The psychology is that the dollar sign ($) is hugely connected to our own personal idea of how wealthy we are: the mere sight of it can instantly trigger feelings of how little we currently have of it!

Of course, this strategy can only work in situations where it is completely clear what currency the price is in: for online sales, due to the possibility of international sales, this pricing trick isn’t recommended.


One of the biggest advantage as a maker is that you can create products that are unique and completely different to your competitors.

Unique products are equated with a feeling of rarity and of FOMO (Fear of Missing Out) - both of these can mean that you can be more daring with your prices as customers are likely to be less price sensitive in these situations.

Understand your customer

When you’re setting prices for your products, it’s important to take into account the psychological triggers that will appeal to your target customer.

Are they looking for a low-cost product that meets their needs, or are they willing to pay more for something that is unique and luxurious?

By understanding what your customer is looking for, you can ensure that your pricing strategy is in line with their needs and expectations.

Once you have your pricing strategy in place, it’s wise to ensure that you monitor your margins carefully as your raw materials and production process costs change. Pricing software such as Craftybase can help you track your margins and pricing changes over time, so you can make sure that your prices are always profitable.


Pricing psychology is a complex topic, but by understanding the basics you can ensure that your prices are in line with what your customers are looking for.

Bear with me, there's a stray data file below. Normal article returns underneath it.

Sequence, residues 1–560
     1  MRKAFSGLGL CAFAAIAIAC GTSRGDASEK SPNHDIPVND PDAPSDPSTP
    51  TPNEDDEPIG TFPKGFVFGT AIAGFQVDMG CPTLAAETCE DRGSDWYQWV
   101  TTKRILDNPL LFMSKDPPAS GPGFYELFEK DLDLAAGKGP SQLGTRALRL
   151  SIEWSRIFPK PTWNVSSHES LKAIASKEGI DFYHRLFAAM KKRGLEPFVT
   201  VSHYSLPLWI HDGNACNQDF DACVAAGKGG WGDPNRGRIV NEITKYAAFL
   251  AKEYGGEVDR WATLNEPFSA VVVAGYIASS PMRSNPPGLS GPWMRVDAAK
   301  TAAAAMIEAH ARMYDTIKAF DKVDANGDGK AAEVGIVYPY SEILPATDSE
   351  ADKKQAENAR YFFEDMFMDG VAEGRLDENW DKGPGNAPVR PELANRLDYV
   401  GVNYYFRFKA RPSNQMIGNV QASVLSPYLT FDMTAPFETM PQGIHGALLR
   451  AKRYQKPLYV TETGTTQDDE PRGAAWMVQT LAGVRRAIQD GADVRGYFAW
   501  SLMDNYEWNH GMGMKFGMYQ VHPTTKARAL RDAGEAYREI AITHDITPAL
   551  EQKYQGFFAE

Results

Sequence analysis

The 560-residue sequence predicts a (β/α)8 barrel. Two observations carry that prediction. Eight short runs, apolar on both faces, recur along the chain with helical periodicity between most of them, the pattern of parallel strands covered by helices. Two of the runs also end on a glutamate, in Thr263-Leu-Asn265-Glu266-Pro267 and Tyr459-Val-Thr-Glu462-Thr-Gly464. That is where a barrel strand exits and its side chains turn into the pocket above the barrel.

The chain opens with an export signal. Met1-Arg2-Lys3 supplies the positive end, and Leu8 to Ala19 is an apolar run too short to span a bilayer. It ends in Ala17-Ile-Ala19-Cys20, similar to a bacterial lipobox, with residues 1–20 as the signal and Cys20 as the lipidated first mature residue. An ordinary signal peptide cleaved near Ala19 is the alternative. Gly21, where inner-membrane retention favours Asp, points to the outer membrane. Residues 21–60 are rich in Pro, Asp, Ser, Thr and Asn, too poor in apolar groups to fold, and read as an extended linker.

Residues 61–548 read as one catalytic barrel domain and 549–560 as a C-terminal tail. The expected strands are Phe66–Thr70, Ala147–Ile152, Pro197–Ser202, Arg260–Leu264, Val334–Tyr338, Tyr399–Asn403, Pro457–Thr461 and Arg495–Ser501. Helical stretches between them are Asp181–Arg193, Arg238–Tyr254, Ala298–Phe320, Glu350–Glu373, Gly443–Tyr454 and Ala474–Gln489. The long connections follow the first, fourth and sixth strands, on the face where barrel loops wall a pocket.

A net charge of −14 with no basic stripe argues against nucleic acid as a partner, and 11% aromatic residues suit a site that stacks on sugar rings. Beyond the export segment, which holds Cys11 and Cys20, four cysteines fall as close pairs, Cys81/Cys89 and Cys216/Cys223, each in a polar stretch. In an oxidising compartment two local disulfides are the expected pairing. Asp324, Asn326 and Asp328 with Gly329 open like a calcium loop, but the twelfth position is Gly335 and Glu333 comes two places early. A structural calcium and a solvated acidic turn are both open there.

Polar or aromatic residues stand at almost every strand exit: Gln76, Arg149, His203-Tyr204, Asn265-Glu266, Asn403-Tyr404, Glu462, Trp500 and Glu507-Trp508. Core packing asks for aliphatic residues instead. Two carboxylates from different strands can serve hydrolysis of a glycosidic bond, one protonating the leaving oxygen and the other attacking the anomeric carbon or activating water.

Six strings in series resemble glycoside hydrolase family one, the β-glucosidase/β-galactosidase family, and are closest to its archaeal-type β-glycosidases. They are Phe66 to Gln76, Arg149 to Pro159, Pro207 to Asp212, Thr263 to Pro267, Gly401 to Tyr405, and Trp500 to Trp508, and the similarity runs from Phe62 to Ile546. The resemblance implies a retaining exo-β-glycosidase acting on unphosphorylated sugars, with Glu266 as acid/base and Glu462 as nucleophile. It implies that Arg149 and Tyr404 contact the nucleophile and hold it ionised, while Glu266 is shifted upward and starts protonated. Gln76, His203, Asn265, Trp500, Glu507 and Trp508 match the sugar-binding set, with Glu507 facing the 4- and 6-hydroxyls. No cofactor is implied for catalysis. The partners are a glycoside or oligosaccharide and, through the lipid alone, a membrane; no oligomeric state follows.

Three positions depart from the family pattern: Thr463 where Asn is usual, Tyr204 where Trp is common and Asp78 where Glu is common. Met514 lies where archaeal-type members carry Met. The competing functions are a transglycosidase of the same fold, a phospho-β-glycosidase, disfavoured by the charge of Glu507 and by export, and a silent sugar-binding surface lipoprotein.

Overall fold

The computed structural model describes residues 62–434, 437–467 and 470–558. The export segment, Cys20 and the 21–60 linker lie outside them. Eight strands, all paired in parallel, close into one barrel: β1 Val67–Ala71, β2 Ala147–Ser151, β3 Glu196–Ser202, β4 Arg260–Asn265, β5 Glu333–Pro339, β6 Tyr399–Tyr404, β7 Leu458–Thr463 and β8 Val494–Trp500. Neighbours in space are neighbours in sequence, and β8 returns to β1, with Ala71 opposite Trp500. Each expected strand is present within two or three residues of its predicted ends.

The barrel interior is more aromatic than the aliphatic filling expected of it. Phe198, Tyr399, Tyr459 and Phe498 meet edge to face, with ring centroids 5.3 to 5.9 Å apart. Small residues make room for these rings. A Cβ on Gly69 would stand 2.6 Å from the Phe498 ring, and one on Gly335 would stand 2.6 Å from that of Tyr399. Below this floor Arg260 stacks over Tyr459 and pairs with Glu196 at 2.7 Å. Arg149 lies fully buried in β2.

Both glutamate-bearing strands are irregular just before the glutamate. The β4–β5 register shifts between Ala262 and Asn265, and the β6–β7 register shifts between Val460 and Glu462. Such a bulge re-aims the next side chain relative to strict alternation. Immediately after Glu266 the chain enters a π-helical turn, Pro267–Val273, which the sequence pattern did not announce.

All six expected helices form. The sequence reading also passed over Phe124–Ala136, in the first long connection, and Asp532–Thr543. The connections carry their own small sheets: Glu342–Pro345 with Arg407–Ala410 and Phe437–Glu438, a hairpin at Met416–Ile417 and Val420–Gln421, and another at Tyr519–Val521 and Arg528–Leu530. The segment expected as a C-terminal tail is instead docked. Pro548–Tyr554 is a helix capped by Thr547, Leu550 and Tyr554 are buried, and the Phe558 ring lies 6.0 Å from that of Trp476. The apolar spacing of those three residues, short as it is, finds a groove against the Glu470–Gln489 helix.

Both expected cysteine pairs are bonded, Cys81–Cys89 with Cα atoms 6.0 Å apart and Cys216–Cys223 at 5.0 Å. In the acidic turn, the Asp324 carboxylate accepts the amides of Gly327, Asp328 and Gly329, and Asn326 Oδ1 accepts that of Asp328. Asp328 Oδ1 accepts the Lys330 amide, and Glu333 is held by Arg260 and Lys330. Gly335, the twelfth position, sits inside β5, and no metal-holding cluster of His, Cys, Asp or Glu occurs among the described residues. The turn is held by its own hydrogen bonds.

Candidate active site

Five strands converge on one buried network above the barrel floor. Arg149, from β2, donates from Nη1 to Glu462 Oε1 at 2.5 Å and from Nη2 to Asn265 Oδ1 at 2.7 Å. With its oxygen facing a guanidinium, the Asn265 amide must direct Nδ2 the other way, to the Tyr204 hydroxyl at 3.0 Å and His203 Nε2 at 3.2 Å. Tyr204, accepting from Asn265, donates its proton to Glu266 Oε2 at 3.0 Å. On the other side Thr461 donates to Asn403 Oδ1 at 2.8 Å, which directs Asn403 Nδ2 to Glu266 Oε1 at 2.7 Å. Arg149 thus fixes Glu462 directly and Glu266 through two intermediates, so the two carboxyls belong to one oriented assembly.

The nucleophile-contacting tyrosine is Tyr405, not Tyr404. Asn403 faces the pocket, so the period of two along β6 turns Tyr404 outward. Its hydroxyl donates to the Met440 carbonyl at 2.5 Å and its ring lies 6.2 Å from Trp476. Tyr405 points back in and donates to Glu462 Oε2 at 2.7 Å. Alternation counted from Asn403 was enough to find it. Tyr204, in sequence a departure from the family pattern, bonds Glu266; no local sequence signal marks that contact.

By using pricing tricks such as magic numbers and pricing formatting, you can increase the chances of making a sale. And, by understanding the psychology behind customer decision-making, you can create a pricing strategy that meets their needs and expectations.

Hope this article gives you some inspiration on how to consider tweaking your product pricing to maximize your profits!

Nicole Pascoe Nicole Pascoe - Profile

Written by Nicole Pascoe

Nicole is the co-founder of Craftybase, inventory and manufacturing software designed for small manufacturers. She has been working with, and writing articles for, small manufacturing businesses for the last 12 years. Her passion is to help makers to become more successful with their online endeavors by empowering them with the knowledge they need to take their business to the next level.

Want to learn how to price your DTC products?

Pricing strategy is often one of the hardest parts of running a craft business - once you have made your product, how do you know what to charge for it? Our eBook introduces online craft sellers to the theories around pricing, in an easy to understand way: giving you the knowledge and confidence to begin planning your strategy.

Pricing strategies for handmade sellers including Etsy eBook cover